My kids are so spoiled. They have millions of toys, there are stuffed animals all over my house and all they do is play with the packaging that the toys come in. Looking down the barrel at Christmas, I dread the thought of MORE TOYS. And while my children go to bed each night with visions of super hero action figures dancing in their heads, I have a different kind of wish list. It’s called “Paying For College”. I thought it would be worthwhile to suggest some alternative gift ideas this season that are generous and also financially advantageous. Let’s break down some awesome ways you could spend your gift dollars in a highly sophisticated, thoughtful and rewarding way.
Make a Donation to a 529 Plan or Start Your Own
My very wise sister-in-law always says that college is way more fun than toys. She’s right. What she is missing is that if that money is invested today and grows tax-deferred at a steady rate of return that money could be worth a lot more when Sally goes to college than that crappy Paw Patroller you normally would buy her. The easy way to give towards college is to write a check or give some cash to your special kiddo with the hopes that the child’s parent puts it into a college account. If you are worried that might not happen or if the child doesn’t have a 529 college account, start one yourself!
Each state has its own plan. First, find out if you live in a state that offers a tax-deduction for 529 contributions (hint: NY does, NJ and CA do not). If so, you can open the account, make the contribution, pick the investment and make contributions over time when you can. If your state does not offer a tax-deduction, do some research on the best plans in the country. Some states offer better plans than others. Check with your Financial Advisor. Anyone can contribute to the plan but you will be the owner of the account and Sally will be the beneficiary. Assuming that the money goes towards “higher education expenses”, the money can come out tax free.
Make A Donation To Your Favorite Charity In Someone’s Name
Everyone has a favorite charity so why not donate in a person’s name to their favorite one? And while we always donate because we are altruistic and filled with love and kindness, there is also the benefit of a tax-deduction on the other end of that donation. There are a few rules of thumb when making donations: 1) do your due diligence on the charity before making the donation. Use sites like charitynavigator.org before making the donation. 2) If you want the tax deduction (ahem, you do), please make sure prior to the donation that it will qualify as tax-deductible. Not all ‘charitable’ organizations are tax-deductible. Organizations like lobbies, political organizations or some foreign charities may not be tax-deductible. 3) The contribution will count as a tax-deductible item in the year it was paid. If you are trying to make the donation in 2017, make sure it is actually made in 2017!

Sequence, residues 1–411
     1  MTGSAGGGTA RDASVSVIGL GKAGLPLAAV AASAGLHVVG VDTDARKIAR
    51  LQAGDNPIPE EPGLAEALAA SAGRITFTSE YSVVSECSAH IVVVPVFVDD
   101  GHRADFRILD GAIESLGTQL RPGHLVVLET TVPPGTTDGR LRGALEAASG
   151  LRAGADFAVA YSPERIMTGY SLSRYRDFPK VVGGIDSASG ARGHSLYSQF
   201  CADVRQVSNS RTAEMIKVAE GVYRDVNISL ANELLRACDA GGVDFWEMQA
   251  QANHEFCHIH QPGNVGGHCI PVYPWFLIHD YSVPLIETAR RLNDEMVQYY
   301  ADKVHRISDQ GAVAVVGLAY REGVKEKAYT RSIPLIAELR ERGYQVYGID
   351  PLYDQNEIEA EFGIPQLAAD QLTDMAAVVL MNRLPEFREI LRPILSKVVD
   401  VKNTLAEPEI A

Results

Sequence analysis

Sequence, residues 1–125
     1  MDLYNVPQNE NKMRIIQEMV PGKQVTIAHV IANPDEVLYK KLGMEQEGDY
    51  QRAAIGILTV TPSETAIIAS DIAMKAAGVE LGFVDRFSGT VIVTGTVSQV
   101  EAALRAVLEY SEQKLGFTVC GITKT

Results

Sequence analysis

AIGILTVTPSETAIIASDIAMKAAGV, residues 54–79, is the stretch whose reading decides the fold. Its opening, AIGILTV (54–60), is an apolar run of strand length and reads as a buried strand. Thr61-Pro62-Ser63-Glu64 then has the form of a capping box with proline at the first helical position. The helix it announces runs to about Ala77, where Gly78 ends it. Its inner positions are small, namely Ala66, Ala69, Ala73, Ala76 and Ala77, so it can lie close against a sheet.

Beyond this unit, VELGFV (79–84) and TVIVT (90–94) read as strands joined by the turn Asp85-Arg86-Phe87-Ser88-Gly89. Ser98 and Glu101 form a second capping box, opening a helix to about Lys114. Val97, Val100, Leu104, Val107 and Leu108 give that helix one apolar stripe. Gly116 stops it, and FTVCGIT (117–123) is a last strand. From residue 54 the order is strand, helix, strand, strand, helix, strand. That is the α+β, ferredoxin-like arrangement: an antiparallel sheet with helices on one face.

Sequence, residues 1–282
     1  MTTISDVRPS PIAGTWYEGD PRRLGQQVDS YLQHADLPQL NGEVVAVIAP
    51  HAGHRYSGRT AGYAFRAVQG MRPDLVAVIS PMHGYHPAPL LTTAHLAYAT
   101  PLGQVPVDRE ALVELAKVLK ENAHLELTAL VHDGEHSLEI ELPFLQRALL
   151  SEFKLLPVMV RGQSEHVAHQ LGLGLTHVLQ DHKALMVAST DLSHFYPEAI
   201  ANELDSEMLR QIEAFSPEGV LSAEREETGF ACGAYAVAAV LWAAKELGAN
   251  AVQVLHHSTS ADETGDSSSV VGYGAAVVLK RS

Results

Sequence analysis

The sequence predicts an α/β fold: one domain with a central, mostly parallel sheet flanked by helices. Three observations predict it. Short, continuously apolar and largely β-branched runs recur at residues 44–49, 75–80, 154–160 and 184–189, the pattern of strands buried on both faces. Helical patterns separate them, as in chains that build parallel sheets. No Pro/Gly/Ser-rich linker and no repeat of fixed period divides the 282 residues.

If you have a college sports fan in your life, make a donation to that University. If someone is a pet lover, make a donation to the local animal shelter. There are a million great causes out there.
Clean Out Your House
Not all donations need to be cash money. There are a host of great charities that will come and take away your gently used items and give you a receipt for those items. Keep that receipt as it can be used a tax-deduction. I recently did a massive purge of our clothing and toys. I was able to make several piles of toys—brand new, gently used, and straight to junk yard. I gave the brand new toys to a local toy drive and the gently used toys to the Vietnam Vets. Everyone wins!
Encourage Your Parents and Grandparents to Gift
Did you know that anyone could give anyone up to $14,000 per year without it being a taxable event? True story! A married couple can gift up to $28,000 to one individual person each year. If you have a lot of cash laying around first call me and then, if you have a good relationship with someone who has a lot of cash and nothing to do with it, encourage them to gift it! There are very complicated tax codes that surround gifting so if someone you love wants to gift more than the gift-tax exclusion amount, make sure they consult their financial advisor.
Remember that a good gift comes from the heart. Yes, everyone loves to unwrap a gift at Christmas. But the gift that keeps on giving is tax-deferred growth, a thoughtful donation, or some good old fashioned cash. Happy Holidays!
Rules and laws governing 529 plans are varied and subject to change. There are generally fees and expenses associated with 529 plans. There is also a risk that these plans lose money or not perform enough to cover the costs of college as anticipated. Most states offer their own 529 programs, which may provide advantages and benefits exclusively for residents. Investors should consider, before investing, whether the investor’s or the designated beneficiary’s home state offers any tax or other benefits that are only available to resident’s of that state. Such benefits include financial aid, scholarship funds, and protection from creditors. Changes in tax laws or regulations may occur at any time and could substantially impact your situation. Raymond James Financial Services, Inc. advisors do not render advice on tax or legal matters. You should discuss any tax or legal matters with the appropriate professional.
Kristin Merrick, Financial Advisor, O’Keeffe Financial Partners, LLC
Originally published in Forbes, Dec 14, 2017.